How do you want to proceed on this one? One option is to bounce the discussion over to Enthought-dev on the basic design intent. They've written far more traits code than we ever will, so they must have run into these issues plenty of times...

Min RK
Owner

I suppose we should ping enthought-dev. I do retract my suggestion for general non-altering casts, and I think we should just allow int<=>long to be transparent, as nobody actually uses longs for small integers on purpose, but it does happen a lot by accident from various libraries.

Robert Kern
Collaborator

We could introduce (both traits and traitlets) an Integer trait that accepts both int and long values without alteration.

I do recommend against using the CInt, etc. indiscriminately because I have observed that they do lead to errors where you coerce things to incorrect values without noticing it.

Min RK
Owner

Maybe Integer is the right answer, but it just seems so unnecessary.

Are there any cases where turning unnecessary longs into ints is not the right thing to do?

Why should A.a = 4L should raise, when there is exactly no ambiguity about what should happen. The error message The 'a' trait of an A instance must be an integer, but a value of 4L <type 'long'> was specified is just silly - you asked for an integer, I gave you an integer (perhaps this is why the int/long distinction is removed in Python 3).

This is actually more strict than C regarding assigning values from larger to smaller integer types, and it doesn't make a lot of sense to me that Python code should be more strict about types than C, especially when the fix is trivial as it is here.

Robert Kern
Collaborator

There was a "types are awesome" cabal when Traits's semantics were being laid out. I'm in your camp as to the desired behavior. I just quail at fixing the existing documentation and the tests to match them. Adding a new trait with the desired semantics is much easier.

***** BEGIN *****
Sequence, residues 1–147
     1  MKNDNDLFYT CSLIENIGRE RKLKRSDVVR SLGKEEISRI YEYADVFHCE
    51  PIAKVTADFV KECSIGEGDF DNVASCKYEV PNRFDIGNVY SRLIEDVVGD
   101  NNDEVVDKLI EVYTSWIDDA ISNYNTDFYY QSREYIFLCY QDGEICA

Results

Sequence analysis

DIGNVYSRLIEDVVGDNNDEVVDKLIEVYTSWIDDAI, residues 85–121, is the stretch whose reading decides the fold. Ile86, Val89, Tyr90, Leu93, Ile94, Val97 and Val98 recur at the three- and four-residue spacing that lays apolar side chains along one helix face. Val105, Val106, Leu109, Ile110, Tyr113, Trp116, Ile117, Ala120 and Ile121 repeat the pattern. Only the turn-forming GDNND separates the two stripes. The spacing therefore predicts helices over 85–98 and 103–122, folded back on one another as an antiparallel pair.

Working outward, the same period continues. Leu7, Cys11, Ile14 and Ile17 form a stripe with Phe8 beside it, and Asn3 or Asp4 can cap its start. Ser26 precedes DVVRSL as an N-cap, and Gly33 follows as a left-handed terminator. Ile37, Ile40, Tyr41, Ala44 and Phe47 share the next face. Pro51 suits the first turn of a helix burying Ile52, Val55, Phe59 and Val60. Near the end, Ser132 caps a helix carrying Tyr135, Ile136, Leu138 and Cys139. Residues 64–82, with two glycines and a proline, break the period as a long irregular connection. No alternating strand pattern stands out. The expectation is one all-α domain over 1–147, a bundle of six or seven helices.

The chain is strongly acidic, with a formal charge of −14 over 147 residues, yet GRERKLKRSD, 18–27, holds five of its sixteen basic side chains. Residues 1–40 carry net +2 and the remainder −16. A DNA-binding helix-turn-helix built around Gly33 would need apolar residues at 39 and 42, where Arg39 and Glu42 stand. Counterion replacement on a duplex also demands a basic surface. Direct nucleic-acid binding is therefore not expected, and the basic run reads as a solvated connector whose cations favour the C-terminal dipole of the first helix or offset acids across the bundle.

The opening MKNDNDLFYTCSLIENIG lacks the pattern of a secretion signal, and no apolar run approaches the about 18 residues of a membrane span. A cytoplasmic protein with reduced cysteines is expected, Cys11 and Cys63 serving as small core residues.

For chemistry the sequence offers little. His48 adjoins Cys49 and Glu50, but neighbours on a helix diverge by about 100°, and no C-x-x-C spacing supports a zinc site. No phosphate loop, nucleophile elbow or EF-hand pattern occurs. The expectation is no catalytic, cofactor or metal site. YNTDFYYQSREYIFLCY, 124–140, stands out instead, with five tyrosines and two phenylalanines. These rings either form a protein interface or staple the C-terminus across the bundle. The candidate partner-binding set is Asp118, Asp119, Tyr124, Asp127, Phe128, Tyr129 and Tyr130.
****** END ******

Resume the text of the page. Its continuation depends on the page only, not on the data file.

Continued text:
Min RK
Owner

Fair enough - should Integer downcast small longs to ints? I can see that being handy, as a layer protecting code that doesn't handle longs properly (e.g. doing a naive isinstance(foo, int) check).

Thomas Kluyver
Collaborator

I ran into this when testing PyPy support. Integers come back from an SQLite database as longs there, so I had to switch an Int to a CInt.

Fernando Perez
Owner

Closed by 293d3ee, should have autoclosed.

Fernando Perez fperez closed this November 19, 2011
Stefan van der Walt stefanv referenced this issue from a commit in stefanv/ipython November 01, 2011
Min RK add Integer traitlet
Most int traits are now Integers

Integer differs from Long only in that small `long`s are cast to `int`, rather than
all `int`s being cast to `long`:

    Integer(4L) => 4
    Long(4) => 4L

closes gh-942, closes gh-996.

Rebased to avoid recursive merge for just one commit.
293d3ee
Fernando Perez fperez referenced this issue from a commit January 10, 2012
Commit has since been removed from the repository and is no longer available.